Skip to main content

The Mr. Robot Hack Report: All about the Feds

The Mr. Robot Hack Report: All about the Feds


Spyware vs. spyware

Share this story

Mr. Robot is back, and the C Y B E R is back, too. The show takes a special interest in showing off the details that usually get glossed over, often drawing on real hacks and real cybersecurity problems. So after every episode, I’ll be breaking down who got hacked, how, and with what. It turns out, there’s a lot more to each one than you can see on-screen.

I totally thought defeating Stage Two would be harder than that! It seemed like such a daunting, far-reaching plan. But in just a few weeks and a few minutes of screen time, Elliot basically wrapped it up. The batteries are safe, the documents are distributed, and capitalism is safe from leftist extremism once more. Crying jag aside, Zoloft really does make you more effective at reaching your goals!

We also lost Joanna, and Elliot is just moments away from meeting up with the FBI. Also, the Dark Army is still fighting with Price over Bitcoin, because the Robot timeline hasn’t discovered contract-based blockchains yet. Wait until they find out about Ethereum! It’s going to be wild.

In the meantime, let’s get to the hacks.


The show’s biggest hack is a kind of double spyware double-cross. First, Darlene plants FBI spyware on Elliot’s computer while he’s sleeping, letting the FBI see everything he’s doing. Elliot knows something is up when he wakes up, and we see him getting ready to hack after he sits down. After that, the FBI sees him sending a URL in an encrypted email — but when they click on a link, it triggers a spyware download that gives away their location. In the spirit of Xzibit, Elliot put spyware on their spyware, which led him straight to the FBI safehouse. 

Don’t click on links from feds

Tools like this are more common than you think, among both cops and criminals. The most common police example is the Playpen case, in which the FBI distributed spyware to thousands of computers visiting a child porn site. Because the site was only accessible through Tor, that spyware was the only way to track down the visitors. It was controversial but basically successful, turning spyware programs like this into a long-term part of the law enforcement arsenal. There’s also a ton of private spyware, often marketed at jealous lovers or outright stalkers.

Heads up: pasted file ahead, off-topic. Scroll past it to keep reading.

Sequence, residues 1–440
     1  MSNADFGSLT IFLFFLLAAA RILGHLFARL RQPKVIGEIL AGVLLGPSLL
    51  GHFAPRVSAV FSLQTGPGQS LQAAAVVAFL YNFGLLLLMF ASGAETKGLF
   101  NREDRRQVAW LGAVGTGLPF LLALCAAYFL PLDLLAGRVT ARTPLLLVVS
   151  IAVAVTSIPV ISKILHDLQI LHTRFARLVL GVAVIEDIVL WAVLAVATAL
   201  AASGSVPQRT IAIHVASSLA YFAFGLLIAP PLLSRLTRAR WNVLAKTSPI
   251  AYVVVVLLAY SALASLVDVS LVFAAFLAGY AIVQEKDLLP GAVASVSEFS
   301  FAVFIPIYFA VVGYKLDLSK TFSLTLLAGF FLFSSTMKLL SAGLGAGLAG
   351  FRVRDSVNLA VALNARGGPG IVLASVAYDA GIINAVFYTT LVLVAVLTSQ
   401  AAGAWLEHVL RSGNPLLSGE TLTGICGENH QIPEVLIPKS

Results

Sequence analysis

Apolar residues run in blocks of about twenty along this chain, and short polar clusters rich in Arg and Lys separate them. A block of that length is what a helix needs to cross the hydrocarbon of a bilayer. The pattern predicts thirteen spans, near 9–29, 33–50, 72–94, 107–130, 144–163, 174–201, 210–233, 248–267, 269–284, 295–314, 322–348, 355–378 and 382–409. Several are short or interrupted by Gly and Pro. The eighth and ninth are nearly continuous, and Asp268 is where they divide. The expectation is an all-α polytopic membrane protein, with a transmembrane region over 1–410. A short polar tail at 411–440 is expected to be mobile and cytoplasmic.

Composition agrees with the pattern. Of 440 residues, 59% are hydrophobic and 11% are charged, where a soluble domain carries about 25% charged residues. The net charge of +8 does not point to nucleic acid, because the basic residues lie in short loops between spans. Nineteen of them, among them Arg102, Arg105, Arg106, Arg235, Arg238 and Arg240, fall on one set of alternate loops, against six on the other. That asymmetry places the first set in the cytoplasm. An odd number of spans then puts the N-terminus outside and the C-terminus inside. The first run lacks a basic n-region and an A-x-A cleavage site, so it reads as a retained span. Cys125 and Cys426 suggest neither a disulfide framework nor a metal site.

Once one of those programs has taken hold, things like capturing everything on the screen (what the FBI does) and pinging back the location (what Elliot does) are standard issue. It’s bad! Don’t click on links from feds!


Mr. Robot presents itself as a dystopian vision of the world, but if you pay attention, the Robot world has a lot more checks on corporate power than the world we actually live in. China needs UN approval to build a sketchy industrial project in Africa, for instance. I wish!

This episode, we also found out that Dom’s friends in the FBI have really stepped up on the enforcement and prosecution of corporate crime. Elliot has a hard time finding someone within E-Corp who recognizes the danger of storing all your paper debt records in a single explosion-prone skyscraper, so he has to knock off a few middle managers before he finds a competent female supervisor.

That means getting two separate middle-manager bros arrested for corporate malfeasance. For simplicity’s sake, I’m going to refer to them as Chad 1 and Chad 2. (For brevity’s sake, I’m skimming over the embezzlers and Ponzi schemers.)

If we were really this good at prosecuting corporate crime, we wouldn’t have to destroy capitalism

Chad 1 is rung up for including a rootkit in the Evil Corp app, possibly inspired by Sony-BMG slipping rootkits onto audio CDs in 2005. It was a really bad scandal, a massive overreach of the implicit compact between vendors and customers — but despite a bunch of bluster and class action lawsuits, nobody ever went to jail for it, much less got led out of the building in cuffs. Bad luck for Chad 1!

Chad 2 was slightly more ambitious, using a defeat device that’s eerily similar to the devices used in Volkswagen diesel vehicles made between 2009 and 2015. This one really did trigger massive legal blowback, including criminal charges against eight executives (and counting), but the whole mess took years to play out, even after regulators discovered the cheat.

Clearly the events of 5/9 have spurred the Department of Justice to crack down on the white-collar crimes that went overlooked in previous eras. If we were really this good at prosecuting corporate crime, we wouldn’t have to destroy capitalism!

That’s it! I’m expecting a lot more hacks next week as Elliot runs into the FBI and the Dark Army tries to salvage Stage Two. But who knows! If there’s anything else you want to see in next week’s report, drop us a line, over emailon Reddit, or on Twitter at the hashtag #RobotAfterShow. See you next week.

Disclosure: NBC Universal, owner of USA Network, is an investor in Vox Media, The Verge’s parent company. Additionally, we are an independent editorial partner in the Mr. Robot Digital After Show hosted by The Verge.